Between a Drum and a Heart

The drum was a quake in the night and, throughout the ages of time, used by mystical and musical hands for millennia. What made it so spiritually catalytic? Our ancestors swore by the sound it emitted, a deep rumble, like a stampede of endless bison thrusting their hooves into the Earth’s surface with a brilliant boom. The drum was important in many ways to many generations and it is easy to see why it continues to connect us to the spirit. It has the rhythm of the Earth and the beat of our hearts.

Drumming dispensed to our ancestors a way to communicate with a higher consciousness beyond the tall borders of our mind’s threshold. It was the force and bridge in spiritual and mystical practice, and also the antidote for inflicted bodies of disease, illness, and pain. The force was brought up through the roots into the middle of a great circle of people. Speaking with the spirits was a virtue; it brought imagination and belief into the same living stream. It kept the traditions firm in the heart of the people.

In my mind’s eye I picture a tall black night sky littered with stars that are randomly flickering from their homes and nestled below the horizon, and the round huddling group of people all gathered around the drums. Some are sitting; some are jumping from the ground, being enthralled by what is coming. It starts off as a low tremor residing in the deep pit of the heart, reminding us of the first sound we all hear in the womb—our mother’s heartbeat. A steady beat that is finite in its aural presence and warmth. It is constantly predictable; each beat falls after the last. As the rolling vibrations descend, lowering the sound into the ground, the spirits of all who are present are being fortified by the energy from below. Borrowing strength from the Earth and feeling the solidity of each hit to the membrane, the mind and hearts of all who participate are linked. They are linked through the space of everlasting time, the energy from all these different hearts all beat to the same drum. They are all dancing to the mother of all.

With the tone and rhythm roaring from the drum, it’s easy to become lost in the rolling trance of the drum beat, the continuing crash of bison hooves, and the undulating of the heart. The sound is thunderous, frequently staggering. Roaring up through each individual is not only the emitted warmth of the heartbeat, but the truth behind our intelligent design. The stretched bison hide, the membrane, it is stretched over a stiff circular piece of wood; held on tightly by a rope bringing the pieces into tension with each other.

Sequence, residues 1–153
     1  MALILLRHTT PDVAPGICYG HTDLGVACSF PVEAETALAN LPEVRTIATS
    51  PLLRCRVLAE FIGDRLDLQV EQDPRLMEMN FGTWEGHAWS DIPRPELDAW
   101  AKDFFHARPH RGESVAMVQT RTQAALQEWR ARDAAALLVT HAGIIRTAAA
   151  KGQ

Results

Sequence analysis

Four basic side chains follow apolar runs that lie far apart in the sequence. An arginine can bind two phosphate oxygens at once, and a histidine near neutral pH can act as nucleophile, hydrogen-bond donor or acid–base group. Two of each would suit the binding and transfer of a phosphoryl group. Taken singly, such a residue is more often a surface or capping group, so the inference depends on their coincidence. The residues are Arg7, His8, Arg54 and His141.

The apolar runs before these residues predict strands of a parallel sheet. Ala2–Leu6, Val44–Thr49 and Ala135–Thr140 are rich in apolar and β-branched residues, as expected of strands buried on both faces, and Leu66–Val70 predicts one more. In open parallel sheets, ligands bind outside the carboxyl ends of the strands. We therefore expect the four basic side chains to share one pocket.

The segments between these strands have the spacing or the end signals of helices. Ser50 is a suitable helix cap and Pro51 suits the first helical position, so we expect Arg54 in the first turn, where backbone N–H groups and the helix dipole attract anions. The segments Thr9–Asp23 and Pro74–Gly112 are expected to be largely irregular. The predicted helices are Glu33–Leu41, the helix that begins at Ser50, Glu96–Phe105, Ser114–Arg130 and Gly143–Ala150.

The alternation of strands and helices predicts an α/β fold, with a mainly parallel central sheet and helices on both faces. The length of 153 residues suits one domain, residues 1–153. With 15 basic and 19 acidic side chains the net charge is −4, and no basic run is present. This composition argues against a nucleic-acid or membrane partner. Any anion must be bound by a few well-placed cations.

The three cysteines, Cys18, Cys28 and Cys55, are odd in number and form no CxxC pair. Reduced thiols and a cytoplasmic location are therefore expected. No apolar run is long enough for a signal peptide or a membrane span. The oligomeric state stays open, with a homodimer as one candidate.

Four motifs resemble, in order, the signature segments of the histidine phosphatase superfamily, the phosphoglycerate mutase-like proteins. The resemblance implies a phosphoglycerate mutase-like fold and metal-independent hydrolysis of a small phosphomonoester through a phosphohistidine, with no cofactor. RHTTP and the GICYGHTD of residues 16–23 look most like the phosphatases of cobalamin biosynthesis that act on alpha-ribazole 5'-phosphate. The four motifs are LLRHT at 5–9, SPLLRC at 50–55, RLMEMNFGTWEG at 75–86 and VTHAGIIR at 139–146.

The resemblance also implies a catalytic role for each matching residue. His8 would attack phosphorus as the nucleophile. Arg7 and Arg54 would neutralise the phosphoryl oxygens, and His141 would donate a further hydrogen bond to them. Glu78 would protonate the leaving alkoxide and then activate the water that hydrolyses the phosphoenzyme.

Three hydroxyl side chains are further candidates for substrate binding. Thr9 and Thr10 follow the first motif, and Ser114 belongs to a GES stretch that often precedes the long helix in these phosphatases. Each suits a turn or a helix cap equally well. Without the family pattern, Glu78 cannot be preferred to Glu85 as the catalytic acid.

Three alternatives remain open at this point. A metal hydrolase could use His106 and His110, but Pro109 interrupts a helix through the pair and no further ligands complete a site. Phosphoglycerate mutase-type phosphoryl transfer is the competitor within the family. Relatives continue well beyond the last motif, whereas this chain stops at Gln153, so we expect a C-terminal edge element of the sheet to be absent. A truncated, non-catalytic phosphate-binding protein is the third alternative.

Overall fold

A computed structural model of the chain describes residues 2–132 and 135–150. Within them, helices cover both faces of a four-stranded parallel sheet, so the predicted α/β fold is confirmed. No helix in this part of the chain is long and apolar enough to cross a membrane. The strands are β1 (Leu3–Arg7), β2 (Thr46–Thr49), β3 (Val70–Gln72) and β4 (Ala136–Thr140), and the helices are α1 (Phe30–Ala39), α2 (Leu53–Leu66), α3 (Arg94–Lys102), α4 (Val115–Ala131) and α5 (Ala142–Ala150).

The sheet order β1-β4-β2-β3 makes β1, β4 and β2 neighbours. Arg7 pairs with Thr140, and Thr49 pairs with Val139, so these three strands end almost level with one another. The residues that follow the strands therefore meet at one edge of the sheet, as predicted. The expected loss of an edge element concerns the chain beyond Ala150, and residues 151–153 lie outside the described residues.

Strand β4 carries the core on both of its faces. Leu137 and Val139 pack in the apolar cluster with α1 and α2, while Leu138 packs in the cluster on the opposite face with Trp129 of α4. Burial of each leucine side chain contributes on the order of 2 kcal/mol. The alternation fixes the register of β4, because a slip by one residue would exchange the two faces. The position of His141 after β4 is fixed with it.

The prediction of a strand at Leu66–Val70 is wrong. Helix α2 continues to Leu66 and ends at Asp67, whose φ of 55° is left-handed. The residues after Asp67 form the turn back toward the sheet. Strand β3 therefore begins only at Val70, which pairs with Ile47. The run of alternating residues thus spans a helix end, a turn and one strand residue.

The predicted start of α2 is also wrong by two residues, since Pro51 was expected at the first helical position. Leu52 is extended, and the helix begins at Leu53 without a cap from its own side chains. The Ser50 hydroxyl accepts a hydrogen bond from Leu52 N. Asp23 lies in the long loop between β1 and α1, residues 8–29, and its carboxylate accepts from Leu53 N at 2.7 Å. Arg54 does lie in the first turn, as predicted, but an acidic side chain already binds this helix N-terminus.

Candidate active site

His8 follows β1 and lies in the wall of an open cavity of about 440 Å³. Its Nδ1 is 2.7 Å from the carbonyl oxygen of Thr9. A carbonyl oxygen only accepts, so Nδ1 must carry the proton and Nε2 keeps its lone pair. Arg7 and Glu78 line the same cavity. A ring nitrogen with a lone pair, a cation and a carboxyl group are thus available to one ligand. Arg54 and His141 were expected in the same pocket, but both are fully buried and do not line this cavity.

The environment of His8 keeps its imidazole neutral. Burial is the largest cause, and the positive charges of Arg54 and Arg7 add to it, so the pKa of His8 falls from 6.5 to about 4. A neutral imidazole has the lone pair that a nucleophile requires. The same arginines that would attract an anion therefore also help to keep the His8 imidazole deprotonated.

Imagine if everyone could hear each other’s heart beats thumping with the blood that gives us life. Practicing and strengthening our connection to what lies beyond brings a sense of fluidity to our lives; our ancestors knew this. They used that which had formidable strength within each beat and could drive all the energy in the hearts of the people to become one. The beat of the drum is the beat from the center our hearts, which is why it is so recognizable to us. It reminds us of the feeling of safety and warmth that we received from our young mothers, but also of the spiritual connection we often forget or shove into the ungraspable fear of the unknown. It has and will continue to be a vital tool for the endless humans willing to believe in their roots, their hearts; all those willing to pass it down will continue their personal spirituality and connection through the young.

Koby Sommer attends Sitting Bull College in Fort Yates, North Dakota. He has always had a passion for the environment, leading him to major in environmental science. He also has an interest in music, which has been a cornerstone in his life since high school. Throughout the years, he has continued to fall in love with the rhythms of our planet and the way musical instruments are used as tools to heighten our consciousness. Koby sees the drum as the aural base for all life, which explains why his devotion to our planet grows with his love for music. He would like to thank Mickey Hart, whose love for aboriginal music opened a Pandora’s Box in his musical endeavors.

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